PDG Jim Paddock – Life on a Submarine

By | January 4, 2018
When:
March 1, 2018 @ 12:00 pm – 1:30 pm
2018-03-01T12:00:00-08:00
2018-03-01T13:30:00-08:00
Where:
Tustin Ranch Golf Club
12442 Tustin Ranch Rd
Tustin, CA 92782
USA
Cost:
Included for members, $25 for visitors & guests
Contact:
Laurie Abelove

PDG Jim Paddock – Life on a Submarine

Prior to being our Past District Governor or Rotary 5320, Jim graduated from the United States Naval Academy in 1969 and served in the Navy’s submarine service for 11 years, until 1980, when we began working for The Boeing Company. Working for the Boeing Company was an easy transition for Jim, as he was able to utilize his naval service working on military and government programs at Boeing.

Although comprising only a small part of the Unites States naval ships, United States Naval submarines forces, according to Jim, were responsible for sinking 60% of the enemy ships sunk during World War II.

Submarine crews generally consist of 120 people. The submarine runs 24 hours of day, of course, and requires a large crew as there are various shifts and at least 1/3 of the crew has to sleep at any given time. Most of the crew works in the engineering department of the submarine. As one would expect, the systems which regulate the electrical system and atmospheric systems of the submarines are critical, as the air in the submarines must be kept fresh and must be “cleaned” constantly. The typical day on a submarine requires constant drills for various emergencies, including the threat of fire in the enclosed atmosphere, reactor problems, etc.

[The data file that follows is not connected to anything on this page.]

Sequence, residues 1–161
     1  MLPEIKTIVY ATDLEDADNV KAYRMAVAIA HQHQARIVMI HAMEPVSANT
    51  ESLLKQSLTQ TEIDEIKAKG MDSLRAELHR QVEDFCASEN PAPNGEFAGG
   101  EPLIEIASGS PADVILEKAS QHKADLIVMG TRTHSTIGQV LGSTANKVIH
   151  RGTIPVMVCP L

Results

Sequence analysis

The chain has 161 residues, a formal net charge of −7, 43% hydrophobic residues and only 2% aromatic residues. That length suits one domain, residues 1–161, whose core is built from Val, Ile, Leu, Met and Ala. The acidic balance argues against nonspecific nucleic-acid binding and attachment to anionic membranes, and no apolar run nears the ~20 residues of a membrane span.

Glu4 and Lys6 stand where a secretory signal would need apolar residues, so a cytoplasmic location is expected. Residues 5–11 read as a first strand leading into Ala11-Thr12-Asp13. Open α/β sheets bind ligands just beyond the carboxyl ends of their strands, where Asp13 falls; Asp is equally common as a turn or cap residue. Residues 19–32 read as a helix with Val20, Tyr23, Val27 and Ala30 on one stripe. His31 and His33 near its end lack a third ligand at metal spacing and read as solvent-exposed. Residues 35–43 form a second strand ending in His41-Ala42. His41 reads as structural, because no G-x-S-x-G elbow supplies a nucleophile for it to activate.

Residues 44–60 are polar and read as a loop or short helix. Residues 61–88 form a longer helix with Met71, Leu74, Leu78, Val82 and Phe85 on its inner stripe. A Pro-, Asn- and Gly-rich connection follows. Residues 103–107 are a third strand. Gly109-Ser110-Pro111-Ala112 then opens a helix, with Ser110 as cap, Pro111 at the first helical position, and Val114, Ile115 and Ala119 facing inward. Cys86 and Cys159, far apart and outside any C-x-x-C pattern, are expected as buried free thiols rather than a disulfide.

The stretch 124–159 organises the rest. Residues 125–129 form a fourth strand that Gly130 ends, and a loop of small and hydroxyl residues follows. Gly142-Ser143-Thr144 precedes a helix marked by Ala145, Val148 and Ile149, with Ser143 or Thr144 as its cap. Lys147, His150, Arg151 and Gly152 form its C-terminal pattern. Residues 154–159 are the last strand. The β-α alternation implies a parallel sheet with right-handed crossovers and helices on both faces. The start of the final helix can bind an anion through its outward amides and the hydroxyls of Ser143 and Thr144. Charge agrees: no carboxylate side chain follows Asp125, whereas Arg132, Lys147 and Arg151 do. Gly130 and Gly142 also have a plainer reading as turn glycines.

Naval personnel working on submarines must get used to working and living in small compartments for up to 75 days at a time in some cases. According to Jim, however, sleeping on the submarine was never an issue as there is a gentle rocking action which literally lulled him to sleep. In fact, he stated that he’s never slept as well on land as he did on a submarine. He did indicate, however, that the transition from submarine life to land life can be rough to one’s depth perception being altered as a result of living in an enclosed space.

Jim provided a brief overview of the various submarine classes used by the United States. The “Los Angeles” class of submarines (360 feet) has been used since the 1970’s and is considered “the workhorse” of the submarine fleet. The fleet was supposed to have a 30 year life, but has been maintained to well that the fleet may well last 40 years.

The “Seawolf” class of submarines (353 – 453 feet) are nuclear submarines which were designed during the Cold War. These submarines were designed to be larger and quieter than the previous submarines. The “USS Jimmy Carter,” one of only three submarines left in this class, is currently in use.

The “Virginia” class of submarines (377 feet) was designed to replace the Seawolf class of submarines and is used for reconnaissance missions by Seal teams. This class is designed to replace the “Los Angeles” class of submarines and has numerous improvement, including high resolution cameras, externally stowed weapons, and a different propulsion system then predecessor submarines.

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